Insurers will only be willing to cover ships sailing through a proposed corridor to get Ukrainian grain out if there are arrangements for international navy escorts and a clear strategy to deal with sea mines, underwriters and brokers say Reuters.
Russia, Ukraine, Turkey and the United Nations are expected to sign a deal later this week aimed at resuming the shipping of grain from Ukraine across the Black Sea.
Ukraine’s ports have been closed since Russia’s invasion in February, which Moscow calls a “special military operation”, with marine insurers based in Lloyd’s of London and the wider London commercial insurance market awaiting more assurances given the potential losses involved with every ship.
There would have to be escorts, mine sweepers, so an underwriter could say ‘that’s given us the satisfaction that it’s not just a gamble’. At the moment, that’s just a gamble, you wouldn’t be able to go.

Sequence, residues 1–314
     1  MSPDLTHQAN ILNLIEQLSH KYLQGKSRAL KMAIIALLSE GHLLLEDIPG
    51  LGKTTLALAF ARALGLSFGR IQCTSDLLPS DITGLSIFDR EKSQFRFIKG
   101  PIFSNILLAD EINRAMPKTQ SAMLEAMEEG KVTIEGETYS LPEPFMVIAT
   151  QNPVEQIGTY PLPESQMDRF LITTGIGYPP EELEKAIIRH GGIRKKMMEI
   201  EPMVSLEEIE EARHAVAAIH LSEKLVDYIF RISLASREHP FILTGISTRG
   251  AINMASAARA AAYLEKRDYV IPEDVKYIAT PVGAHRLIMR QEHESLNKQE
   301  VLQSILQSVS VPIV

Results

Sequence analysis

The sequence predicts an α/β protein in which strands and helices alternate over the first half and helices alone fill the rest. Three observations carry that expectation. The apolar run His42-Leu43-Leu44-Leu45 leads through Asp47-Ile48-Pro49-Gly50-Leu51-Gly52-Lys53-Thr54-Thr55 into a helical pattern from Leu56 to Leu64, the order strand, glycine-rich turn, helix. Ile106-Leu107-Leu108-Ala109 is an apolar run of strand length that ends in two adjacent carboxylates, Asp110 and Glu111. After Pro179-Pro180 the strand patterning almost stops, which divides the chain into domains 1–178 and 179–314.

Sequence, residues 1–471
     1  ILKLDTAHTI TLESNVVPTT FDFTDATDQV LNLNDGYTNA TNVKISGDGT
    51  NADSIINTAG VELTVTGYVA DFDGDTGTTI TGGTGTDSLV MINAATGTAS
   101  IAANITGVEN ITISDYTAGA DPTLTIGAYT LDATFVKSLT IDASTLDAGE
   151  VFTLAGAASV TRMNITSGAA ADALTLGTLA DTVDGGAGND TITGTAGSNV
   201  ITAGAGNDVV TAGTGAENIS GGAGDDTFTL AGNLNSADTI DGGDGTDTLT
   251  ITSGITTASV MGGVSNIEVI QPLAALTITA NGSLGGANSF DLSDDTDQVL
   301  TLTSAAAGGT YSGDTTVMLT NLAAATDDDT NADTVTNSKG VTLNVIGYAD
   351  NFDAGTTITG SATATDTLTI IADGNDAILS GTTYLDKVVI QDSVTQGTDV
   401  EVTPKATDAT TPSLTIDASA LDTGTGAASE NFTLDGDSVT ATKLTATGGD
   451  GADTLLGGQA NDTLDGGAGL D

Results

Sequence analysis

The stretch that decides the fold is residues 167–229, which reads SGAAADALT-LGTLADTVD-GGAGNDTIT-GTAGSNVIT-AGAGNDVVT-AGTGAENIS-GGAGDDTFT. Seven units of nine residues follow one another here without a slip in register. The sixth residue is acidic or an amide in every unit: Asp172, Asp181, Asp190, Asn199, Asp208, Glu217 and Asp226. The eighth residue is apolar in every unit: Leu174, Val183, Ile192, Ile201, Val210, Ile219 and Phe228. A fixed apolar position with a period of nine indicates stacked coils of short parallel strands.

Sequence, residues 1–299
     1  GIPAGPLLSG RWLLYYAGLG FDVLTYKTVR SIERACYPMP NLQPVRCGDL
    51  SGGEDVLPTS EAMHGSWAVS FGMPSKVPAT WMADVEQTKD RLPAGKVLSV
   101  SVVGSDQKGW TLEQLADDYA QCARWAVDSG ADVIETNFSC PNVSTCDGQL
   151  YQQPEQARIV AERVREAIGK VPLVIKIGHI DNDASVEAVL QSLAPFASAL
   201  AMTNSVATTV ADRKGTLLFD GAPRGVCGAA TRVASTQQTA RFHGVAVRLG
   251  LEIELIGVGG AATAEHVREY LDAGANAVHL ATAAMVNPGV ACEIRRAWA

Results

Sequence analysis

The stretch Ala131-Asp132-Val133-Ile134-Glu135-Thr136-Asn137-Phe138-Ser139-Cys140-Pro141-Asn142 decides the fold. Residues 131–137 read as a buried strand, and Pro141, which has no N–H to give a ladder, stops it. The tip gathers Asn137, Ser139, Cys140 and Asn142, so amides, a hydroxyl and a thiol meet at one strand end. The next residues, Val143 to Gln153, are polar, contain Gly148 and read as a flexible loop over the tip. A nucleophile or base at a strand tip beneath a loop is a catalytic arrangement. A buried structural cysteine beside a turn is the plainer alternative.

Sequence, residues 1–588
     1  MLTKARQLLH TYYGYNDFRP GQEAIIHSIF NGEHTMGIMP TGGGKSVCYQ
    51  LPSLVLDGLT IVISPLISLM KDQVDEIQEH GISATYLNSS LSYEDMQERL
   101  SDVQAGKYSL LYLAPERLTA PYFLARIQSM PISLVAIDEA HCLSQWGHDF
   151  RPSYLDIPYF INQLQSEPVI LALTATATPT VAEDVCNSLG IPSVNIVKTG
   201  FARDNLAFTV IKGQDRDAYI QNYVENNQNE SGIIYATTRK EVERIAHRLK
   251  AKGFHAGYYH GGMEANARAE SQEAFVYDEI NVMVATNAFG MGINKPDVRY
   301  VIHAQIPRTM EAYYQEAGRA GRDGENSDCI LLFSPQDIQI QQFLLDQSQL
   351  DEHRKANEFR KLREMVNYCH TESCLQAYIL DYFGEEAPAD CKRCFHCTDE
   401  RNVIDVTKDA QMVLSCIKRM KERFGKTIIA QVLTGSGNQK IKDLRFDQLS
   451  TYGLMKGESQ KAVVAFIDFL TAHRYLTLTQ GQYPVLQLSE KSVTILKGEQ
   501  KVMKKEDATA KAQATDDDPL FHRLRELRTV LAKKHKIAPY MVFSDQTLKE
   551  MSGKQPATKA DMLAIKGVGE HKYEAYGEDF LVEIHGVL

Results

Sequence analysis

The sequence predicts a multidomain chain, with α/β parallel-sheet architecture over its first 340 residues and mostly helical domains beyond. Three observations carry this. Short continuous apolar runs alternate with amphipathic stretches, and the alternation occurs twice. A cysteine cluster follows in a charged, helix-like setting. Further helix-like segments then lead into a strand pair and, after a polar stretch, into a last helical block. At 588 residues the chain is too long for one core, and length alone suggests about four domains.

An acceptable escort could be provided by joint Ukrainian and Russian ships, or by the United Nations or a neutral power such as Turkey, insurance sources said.
Countries such as the United States, Britain or France may have that technology, the insurer added.
The initial problem is that there are over 80 ships stuck in Ukraine – many with cargoes onboard including grain – which need to get out before new ships can go in, sources said.
Additional premiums charged to go into the broader Black Sea area have dropped, reflecting more confidence to provide insurance since February, industry sources said.
The premiums paid to go into Black Sea waters have dropped to 2% of the value of the ship from 5% shortly after the invasion, said Marcus Baker, global head of marine at broker Marsh.